I am a high school student in a high school without wireless internet access--so I purchased a copy of Canterbury Tales from Amazon.com after a lengthy correspondence with the publisher who was helpful, and sent me a sample so I could make sure it was in modern english.
The ebooks were advertised on his website as fully printable--I never thought to question whether it had other DRM. I purchased from Amazon of the many ways I could have purchased it because Amazon had my credit card info stored. (I didn't have it on me.) Besides, Amazon even gave me a refund on some purchases.
When I bought the ebook, I found that I couldn't copy and paste material from it--it was locked. I spoke to my computer science teacher and determined that for another $150 dollars to Adobe I can crack it (how does that work?) But it is the principle of my fair use rights on a product I lawfully purchased being taken away from me that gives me the agnst. And my love of open source software.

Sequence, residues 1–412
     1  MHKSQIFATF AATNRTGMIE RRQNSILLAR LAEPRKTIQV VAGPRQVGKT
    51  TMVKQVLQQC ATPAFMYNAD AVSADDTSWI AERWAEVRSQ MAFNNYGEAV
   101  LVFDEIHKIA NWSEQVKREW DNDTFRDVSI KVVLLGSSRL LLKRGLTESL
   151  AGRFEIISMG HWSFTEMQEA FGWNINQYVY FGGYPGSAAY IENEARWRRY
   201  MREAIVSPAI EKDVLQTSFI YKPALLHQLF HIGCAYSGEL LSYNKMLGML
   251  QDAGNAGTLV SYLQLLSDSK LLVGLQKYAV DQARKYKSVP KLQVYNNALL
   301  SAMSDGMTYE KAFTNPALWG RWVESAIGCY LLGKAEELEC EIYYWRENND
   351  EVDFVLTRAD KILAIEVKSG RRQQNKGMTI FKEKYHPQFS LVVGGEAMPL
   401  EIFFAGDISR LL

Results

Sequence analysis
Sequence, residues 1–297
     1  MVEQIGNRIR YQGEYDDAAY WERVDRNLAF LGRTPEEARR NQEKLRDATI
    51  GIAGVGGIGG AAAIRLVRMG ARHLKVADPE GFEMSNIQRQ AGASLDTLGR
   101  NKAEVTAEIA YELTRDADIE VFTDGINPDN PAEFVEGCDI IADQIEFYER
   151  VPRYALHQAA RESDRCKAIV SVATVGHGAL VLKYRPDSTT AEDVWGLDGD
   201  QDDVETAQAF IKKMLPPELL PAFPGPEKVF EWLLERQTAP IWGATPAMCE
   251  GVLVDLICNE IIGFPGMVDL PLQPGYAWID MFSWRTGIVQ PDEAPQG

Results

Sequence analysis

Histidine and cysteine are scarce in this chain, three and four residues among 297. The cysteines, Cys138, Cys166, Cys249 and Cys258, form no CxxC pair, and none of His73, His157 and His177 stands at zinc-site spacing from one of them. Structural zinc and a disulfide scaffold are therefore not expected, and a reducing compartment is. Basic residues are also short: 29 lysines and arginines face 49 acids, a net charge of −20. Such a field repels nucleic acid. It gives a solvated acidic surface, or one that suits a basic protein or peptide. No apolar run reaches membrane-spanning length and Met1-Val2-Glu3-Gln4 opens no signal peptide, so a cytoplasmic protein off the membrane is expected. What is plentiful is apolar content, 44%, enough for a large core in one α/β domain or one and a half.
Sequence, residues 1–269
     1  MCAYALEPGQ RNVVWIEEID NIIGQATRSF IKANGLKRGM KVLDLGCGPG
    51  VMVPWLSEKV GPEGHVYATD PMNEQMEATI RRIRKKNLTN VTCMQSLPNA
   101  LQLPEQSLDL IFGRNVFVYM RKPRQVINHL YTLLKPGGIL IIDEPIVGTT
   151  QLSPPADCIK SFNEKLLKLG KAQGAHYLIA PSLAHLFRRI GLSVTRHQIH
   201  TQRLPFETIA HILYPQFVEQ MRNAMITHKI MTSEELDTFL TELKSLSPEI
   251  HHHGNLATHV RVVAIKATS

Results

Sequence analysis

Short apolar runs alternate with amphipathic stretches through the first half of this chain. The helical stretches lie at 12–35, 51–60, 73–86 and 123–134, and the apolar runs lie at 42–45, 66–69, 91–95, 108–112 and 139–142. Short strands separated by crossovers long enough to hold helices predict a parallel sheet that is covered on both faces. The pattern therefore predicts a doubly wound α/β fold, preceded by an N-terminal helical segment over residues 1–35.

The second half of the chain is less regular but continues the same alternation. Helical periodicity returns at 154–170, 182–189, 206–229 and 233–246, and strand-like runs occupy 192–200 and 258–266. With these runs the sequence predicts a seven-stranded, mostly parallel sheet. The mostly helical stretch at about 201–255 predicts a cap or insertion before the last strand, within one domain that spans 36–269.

I should have been fully informed of all the DRM that was on the eboook I lawfully purchased. I sent an e-mail to Amazon, and to the electronic frontier foundation, which said it hoped that my e-mail to amazon would be the first of several.
there was no list of digital rights for the product..amazon simply warned "most ebook publishers. do not allow adobe ebooks to be printed." they were wrong. As much as I hate Adobe, their http://digitalmediastore.adobe.com has great labelling and descriptions.
The product I purchased:
Product link page